In the world of mobile advertising, Android phones reached a significant milestone during the fourth quarter of 2012: they drove more mobile advertising impressions than iPhones during a quarter, for the first time ever. That’s according to a report published Thursday morning by Opera Mediaworks, the mobile ad tracking arm of Opera Mobile. Still, the findings show that highest volume still isn’t translating to the highest value for advertisers.
Android phones represented 31 percent of the more than 500 million mobile ad impressions tracked by Opera between October and December across more than 12,000 mobile websites and apps. iPhones, meanwhile, had a 29 percent share of those impressions. Major reasons for Android taking the lead include: the popularity of Android devices in markets where users are more likely to access the internet on a mobile device – like Indonesia and Russian Federation countries, which saw double-digit gains in ad impressions during the quarter — and Samsung’s rapidly growing popularity among smartphone buyers in the U.S.
“In the U.S. we think that this is considerably helped by the emergence of Samsung and the Galaxy S III,” Mahi De Silva, EVP of Opera’s consumer mobile division, said in an interview. “They’re pouring a lot of dollars into the market, and they have favorable pricing with mobile operators, so that entire market has a lot of momentum [toward] adoption of Samsung Android devices.”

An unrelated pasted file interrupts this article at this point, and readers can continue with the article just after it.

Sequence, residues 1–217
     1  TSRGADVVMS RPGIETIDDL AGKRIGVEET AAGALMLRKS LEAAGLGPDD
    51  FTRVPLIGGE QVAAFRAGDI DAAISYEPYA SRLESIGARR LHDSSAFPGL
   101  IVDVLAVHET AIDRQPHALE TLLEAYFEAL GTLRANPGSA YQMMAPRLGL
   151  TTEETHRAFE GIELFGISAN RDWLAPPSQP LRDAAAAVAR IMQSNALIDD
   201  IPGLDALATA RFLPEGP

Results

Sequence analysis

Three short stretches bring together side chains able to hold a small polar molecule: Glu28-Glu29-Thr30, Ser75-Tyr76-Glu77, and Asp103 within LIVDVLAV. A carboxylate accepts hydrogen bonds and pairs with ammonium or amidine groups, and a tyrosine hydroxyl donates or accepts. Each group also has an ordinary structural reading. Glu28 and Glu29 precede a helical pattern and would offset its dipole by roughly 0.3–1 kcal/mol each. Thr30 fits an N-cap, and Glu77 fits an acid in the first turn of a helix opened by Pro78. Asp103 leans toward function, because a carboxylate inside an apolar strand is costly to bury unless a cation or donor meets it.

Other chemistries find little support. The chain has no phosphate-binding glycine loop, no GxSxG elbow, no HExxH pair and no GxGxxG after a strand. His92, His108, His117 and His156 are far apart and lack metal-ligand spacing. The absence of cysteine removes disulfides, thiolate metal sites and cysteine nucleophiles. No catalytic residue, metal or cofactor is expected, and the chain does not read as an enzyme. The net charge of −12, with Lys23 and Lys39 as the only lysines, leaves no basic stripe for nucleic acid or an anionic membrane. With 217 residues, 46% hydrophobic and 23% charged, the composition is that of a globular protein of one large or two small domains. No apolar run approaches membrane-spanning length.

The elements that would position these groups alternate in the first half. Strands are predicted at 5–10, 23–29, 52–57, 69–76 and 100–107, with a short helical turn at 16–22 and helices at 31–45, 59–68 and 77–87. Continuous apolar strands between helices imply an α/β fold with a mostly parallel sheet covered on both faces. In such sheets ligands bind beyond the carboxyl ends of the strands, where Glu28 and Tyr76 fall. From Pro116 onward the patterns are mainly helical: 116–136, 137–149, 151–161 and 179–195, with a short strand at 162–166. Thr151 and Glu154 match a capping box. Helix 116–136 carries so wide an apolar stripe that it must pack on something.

iPhones are just one piece of the pie, however. When counting iOS’s overall impact, including mobile ads seen on iPod touches and iPads, Opera found that Apple’s devices still represent the largest overall number of impressions, about 42 percent.
And where it really counts — producing revenue for mobile advertisers — iOS is still comfortably in the lead.
“Even though you saw that for the first time Android phones have a larger volume of impressions, the dollars associated is still considerably in favor of Apple and iOS and iPhones,” De Silva said.
iPhones are responsible for 37 percent of the revenue made by mobile advertisers, versus about 30 percent from Android; and just over half of all revenues in the quarter came from some type of iOS device. So in terms of the ability to monetize, De Silva says iOS is still the more attractive platform for advertisers.
Android has a ways to go to catch up in revenue. And even though the platform is only going to grow and add more users, it’s not clear the monetization will catch up nearly as fast, he said. “The trend, as we’ve seen in the past, is iPhone continues to be the most monetization-friendly platform out there.”